The cover of this one caught my attention immediately; quirky and fun. Kinda like the book it’s self. Is that a Gargoyle holding a whisk you ask? In fact it is.
Zoe, is a 300 year old herbalist, antiques dealer and retired alchemist. In an attempt at a new start, she buys a fixer-upper in Portland, Oregon. While unpacking her things she is surprised by a French stowaway, Dorian a living, breathing, and gourmet cooking gargoyle. When 14 year old Brixton, the neighborhood trouble maker, who just knows the house is haunted, spies the gargoyle through window while snooping around, Zoe tricks him into helping her clean up the house, in exchange for not pressing charges. After all she can’t let him tell the world about their secrets.
Dorian is convinced that Zoe is the only one who can help him decode his ancient book and save him from returning to his stone state forever. Zoe is not so sure she can help, she has, after all given up on alchemy. Then one day she comes home from a walk to see the handy-man she hired dead on her door step surrounded by an odd smell. She may have to reopen her alchemical lab, and painful past memories, to figure out what is really going on.
The unlikely murder mystery solving trio team up to investigate. They delve into the city and it’s resident tea shop patrons secrets. Soon there is another attempted murder, this time on someone they know and care about. Dorian is dying, and there’s a murder on the loose. Things start to get more serious, and they all could be in danger. The police investigator assigned to the case suspects the new girl in town, and in return Zoe thinks she might be falling for him…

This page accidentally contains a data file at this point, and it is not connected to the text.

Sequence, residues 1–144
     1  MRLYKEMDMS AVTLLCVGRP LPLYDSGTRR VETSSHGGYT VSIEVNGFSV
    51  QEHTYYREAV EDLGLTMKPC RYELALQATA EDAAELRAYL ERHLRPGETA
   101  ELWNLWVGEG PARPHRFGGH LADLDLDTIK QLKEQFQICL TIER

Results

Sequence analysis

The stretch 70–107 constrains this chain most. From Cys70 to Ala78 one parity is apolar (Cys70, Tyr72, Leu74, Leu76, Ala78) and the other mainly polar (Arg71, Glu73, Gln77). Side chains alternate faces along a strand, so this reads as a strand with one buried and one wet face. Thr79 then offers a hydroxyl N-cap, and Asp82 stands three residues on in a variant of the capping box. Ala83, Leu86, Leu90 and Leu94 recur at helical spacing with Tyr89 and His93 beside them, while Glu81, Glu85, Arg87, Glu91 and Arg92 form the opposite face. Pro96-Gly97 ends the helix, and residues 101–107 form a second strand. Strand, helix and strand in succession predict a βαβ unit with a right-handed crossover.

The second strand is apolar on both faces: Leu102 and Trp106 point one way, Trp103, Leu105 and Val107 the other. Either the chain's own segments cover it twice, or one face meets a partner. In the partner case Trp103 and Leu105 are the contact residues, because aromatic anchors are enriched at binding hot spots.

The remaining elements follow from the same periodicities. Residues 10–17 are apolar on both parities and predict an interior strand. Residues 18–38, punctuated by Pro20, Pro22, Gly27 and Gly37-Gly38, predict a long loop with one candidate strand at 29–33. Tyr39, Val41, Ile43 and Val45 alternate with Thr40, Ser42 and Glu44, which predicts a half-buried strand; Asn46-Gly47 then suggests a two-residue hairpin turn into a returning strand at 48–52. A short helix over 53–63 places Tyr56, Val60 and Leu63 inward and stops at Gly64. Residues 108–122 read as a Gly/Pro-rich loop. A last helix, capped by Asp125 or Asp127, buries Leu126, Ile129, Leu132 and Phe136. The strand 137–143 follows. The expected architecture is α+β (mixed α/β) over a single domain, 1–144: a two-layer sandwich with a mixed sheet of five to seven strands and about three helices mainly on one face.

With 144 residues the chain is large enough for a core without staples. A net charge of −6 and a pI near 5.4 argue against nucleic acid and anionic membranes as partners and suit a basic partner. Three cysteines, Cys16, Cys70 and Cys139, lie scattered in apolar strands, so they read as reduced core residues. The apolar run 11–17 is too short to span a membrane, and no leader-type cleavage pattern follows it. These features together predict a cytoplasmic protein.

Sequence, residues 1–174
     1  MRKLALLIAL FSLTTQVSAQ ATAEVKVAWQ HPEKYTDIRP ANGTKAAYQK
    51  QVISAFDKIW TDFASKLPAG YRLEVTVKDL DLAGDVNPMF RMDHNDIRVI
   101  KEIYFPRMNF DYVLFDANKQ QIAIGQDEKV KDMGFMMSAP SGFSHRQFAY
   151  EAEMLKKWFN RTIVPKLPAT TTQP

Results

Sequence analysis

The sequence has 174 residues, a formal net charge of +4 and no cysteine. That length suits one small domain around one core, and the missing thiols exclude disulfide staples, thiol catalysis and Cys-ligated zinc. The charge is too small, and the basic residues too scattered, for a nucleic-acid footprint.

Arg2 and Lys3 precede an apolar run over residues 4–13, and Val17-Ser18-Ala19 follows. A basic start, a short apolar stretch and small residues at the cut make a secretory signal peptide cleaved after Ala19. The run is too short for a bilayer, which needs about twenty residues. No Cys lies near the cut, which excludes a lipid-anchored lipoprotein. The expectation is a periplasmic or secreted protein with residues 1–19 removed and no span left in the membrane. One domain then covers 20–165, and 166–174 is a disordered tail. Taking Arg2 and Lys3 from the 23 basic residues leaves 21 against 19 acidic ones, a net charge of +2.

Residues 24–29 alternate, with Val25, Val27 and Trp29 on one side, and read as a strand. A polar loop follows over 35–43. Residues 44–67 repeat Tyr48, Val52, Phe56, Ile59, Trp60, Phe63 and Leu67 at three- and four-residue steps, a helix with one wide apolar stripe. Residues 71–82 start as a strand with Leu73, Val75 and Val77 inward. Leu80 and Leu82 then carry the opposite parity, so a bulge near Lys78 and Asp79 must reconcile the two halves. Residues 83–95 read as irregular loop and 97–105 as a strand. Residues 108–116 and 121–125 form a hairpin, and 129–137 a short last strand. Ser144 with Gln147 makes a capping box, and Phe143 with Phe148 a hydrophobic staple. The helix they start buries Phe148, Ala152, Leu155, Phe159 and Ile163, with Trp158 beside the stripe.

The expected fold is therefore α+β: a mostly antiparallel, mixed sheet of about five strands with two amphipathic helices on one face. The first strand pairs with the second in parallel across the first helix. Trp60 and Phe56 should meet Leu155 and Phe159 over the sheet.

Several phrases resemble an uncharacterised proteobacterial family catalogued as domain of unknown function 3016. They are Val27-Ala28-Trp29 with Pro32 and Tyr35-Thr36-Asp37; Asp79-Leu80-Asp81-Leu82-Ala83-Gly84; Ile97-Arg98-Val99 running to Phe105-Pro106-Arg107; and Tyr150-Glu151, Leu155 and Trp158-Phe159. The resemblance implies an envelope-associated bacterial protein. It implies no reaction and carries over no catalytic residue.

It’s a mystery, so I’ll leave it at that. No spoilers here. It was a fun read, and as an herbalist it was refreshing to see the few herbal references were researched and not unrealistic, as were the historical alchemy references. Though I thought Zoe was bit too much of the stereotypical herbalist type (we’re not all like that!) What really brought it all together for me was reading the afterword. The author shares her story of the writing of this book as a tool to help her through her cancer. She also thoughtfully shares a few of the recipes from the book (and a link to her website with more!) I haven’t made any of them yet, but plan on it. They sound pretty good! I am certainly looking forward to the continuation of this series.
Did this book encourage you to explore more? Wanna read more about plant alchemy or maybe you’d like to try a few more vegan recipes? Here’s a few recommendations you might enjoy.
The Alchemists Daughter by Katharine McMahon
The Chemical Choir: A History of Alchemy by P.G. Maxwell-Stuart
A Druids Handbook to the Spiritual Power of Plants by Jon G.Hughes
Chloe’s Kitchen: 125 Easy, Delicious Recipes for Making the Food You Love the Vegan Way by Chloe Coscarelli